Ignorance reigns on equality front
Most Hong Kong people believe women are independent and on par with men when it comes to power and the opportunities open to them - but the perception falls well short of reality.
A Women's Commission survey found that 87 per cent of females agreed that women were independent and autonomous. The study of 3,002 residents also found that 70 per cent believed men and women were equal in power and opportunities.
Commission chairwoman Sophia Kao Ching-chi said this did not reflect reality. 'Women's participation, particularly in the political arena, in decision-making levels, is still very much underrepresented,' she said. 'There is a danger people will be complacent, they will think we are doing fine.'
A South China Morning Post analysis found that women make up only 10 per cent of board positions in Hong Kong's 50 largest listed companies. They make up 18 per cent of lawmakers, 17 per cent of judges and 32 per cent of top civil servants. (To explore the number of men and women on boards and public bodies, go to http://whorunshk.scmp.com/scmp/).
The Women's Commission survey also paints a sub-par picture of female civic participation. Nearly half of the women surveyed had not heard of government advisory or statutory bodies, paths Kao sees as key to promoting female involvement in public affairs.
'We need to do a lot more to educate the general public,' she said. 'They are not aware there are such bodies and are not aware of the avenue to take to become appointed to these bodies.'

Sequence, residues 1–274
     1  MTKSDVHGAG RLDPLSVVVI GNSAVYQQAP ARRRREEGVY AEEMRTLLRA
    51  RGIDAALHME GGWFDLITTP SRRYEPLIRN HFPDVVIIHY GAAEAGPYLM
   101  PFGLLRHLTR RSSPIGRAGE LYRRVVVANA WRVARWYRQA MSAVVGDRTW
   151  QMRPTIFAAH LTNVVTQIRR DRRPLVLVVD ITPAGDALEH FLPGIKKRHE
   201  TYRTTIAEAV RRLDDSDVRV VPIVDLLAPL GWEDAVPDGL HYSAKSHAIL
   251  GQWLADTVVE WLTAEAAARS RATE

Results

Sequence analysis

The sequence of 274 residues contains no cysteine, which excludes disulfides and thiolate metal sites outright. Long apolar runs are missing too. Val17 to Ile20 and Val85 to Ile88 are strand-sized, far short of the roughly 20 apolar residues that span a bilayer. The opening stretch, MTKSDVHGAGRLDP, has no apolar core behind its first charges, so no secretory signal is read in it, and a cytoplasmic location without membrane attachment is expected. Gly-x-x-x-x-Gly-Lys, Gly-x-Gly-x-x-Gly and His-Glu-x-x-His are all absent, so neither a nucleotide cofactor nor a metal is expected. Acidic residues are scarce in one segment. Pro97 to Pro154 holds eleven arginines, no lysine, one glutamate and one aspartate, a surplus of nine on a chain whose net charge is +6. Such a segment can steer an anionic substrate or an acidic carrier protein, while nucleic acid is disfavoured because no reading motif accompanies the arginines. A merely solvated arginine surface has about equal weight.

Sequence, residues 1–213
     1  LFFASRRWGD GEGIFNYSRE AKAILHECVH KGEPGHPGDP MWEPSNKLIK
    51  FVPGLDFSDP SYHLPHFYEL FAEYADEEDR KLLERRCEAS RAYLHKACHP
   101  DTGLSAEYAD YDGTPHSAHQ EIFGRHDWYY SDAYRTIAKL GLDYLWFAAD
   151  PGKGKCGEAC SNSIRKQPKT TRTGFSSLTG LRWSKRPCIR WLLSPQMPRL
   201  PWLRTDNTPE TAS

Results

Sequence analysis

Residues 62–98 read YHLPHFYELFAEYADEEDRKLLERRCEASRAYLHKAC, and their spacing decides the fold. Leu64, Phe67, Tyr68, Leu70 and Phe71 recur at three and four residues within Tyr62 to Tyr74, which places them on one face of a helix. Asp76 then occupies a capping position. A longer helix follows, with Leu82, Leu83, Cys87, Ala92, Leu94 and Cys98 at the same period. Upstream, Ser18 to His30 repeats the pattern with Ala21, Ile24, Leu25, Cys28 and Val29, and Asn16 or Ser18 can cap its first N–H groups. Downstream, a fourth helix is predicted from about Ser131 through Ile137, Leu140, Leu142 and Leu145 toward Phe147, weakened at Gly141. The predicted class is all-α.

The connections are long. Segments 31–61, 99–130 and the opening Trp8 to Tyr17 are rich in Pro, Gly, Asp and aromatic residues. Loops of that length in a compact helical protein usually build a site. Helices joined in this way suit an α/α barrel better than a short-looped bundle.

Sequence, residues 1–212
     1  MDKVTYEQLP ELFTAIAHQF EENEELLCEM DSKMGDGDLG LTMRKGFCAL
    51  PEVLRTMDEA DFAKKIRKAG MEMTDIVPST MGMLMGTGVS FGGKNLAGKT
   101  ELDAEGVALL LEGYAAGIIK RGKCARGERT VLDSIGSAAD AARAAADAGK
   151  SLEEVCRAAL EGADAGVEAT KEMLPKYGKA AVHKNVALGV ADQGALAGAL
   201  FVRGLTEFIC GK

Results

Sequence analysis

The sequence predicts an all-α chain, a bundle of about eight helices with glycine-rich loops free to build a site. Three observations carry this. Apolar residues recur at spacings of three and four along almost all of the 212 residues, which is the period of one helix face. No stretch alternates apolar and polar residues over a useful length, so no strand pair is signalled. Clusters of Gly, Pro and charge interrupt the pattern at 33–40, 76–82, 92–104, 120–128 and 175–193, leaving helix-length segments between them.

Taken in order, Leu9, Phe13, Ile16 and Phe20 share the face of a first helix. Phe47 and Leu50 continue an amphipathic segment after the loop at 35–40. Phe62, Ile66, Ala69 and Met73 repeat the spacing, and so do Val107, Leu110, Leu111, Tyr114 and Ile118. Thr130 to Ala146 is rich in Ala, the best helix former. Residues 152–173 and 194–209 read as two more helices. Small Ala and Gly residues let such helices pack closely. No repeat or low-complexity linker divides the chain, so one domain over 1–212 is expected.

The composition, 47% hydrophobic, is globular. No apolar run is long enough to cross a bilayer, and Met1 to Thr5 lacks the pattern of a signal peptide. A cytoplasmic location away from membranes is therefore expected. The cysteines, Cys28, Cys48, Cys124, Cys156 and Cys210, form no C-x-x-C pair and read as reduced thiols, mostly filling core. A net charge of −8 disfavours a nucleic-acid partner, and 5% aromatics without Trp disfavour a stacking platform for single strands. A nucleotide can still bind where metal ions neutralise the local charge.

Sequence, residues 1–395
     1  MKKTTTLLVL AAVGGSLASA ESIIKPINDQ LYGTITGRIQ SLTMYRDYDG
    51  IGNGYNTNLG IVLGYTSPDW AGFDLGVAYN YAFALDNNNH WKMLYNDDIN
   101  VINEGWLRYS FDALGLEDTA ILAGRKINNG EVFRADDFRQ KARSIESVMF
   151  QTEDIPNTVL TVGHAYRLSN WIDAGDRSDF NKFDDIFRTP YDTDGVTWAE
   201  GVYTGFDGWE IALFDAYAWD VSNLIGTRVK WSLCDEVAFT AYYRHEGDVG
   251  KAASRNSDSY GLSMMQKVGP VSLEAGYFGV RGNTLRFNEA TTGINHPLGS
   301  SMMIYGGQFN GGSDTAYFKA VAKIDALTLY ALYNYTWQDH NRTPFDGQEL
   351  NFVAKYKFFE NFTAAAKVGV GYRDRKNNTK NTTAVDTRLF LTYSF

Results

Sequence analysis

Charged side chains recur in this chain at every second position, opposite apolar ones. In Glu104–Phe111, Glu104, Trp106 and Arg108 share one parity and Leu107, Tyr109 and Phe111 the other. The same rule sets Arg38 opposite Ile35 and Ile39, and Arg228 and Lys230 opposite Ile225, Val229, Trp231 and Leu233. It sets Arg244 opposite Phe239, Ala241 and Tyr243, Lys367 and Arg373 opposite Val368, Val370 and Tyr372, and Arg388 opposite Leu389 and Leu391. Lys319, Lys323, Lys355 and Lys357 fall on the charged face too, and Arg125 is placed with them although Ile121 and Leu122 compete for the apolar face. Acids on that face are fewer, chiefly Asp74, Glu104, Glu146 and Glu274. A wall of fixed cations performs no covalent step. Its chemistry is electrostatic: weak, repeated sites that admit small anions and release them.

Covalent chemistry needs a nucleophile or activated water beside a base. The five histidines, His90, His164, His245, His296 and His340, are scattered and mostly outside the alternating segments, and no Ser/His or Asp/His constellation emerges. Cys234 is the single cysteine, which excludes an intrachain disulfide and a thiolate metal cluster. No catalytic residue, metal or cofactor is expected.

Only 19 per cent of seats on government advisory and statutory bodies were held by women when the commission was established in 2001. The government set a target of 25 per cent in 2004 and is steadily pushing for that number to rise.
'We are moving gradually from 25 to 30 and hopefully in the future to 50. This is one thing that we have all worked very hard on,' Kao said.
Even in female-dominated fields, the participation is not translating into political representation. While the survey found that more women take part in volunteer and community organisations than men, only 8 out of the 40 members of the social welfare sub-sector of the 2007 Election Committee were women, according to the South China Morning Post analysis. The Election Committee votes on who becomes the city's chief executive.
The belief that women are on equal footing with men is misguided
The percentage of women on the boards of Hang Seng Index-listed companies: 9.2%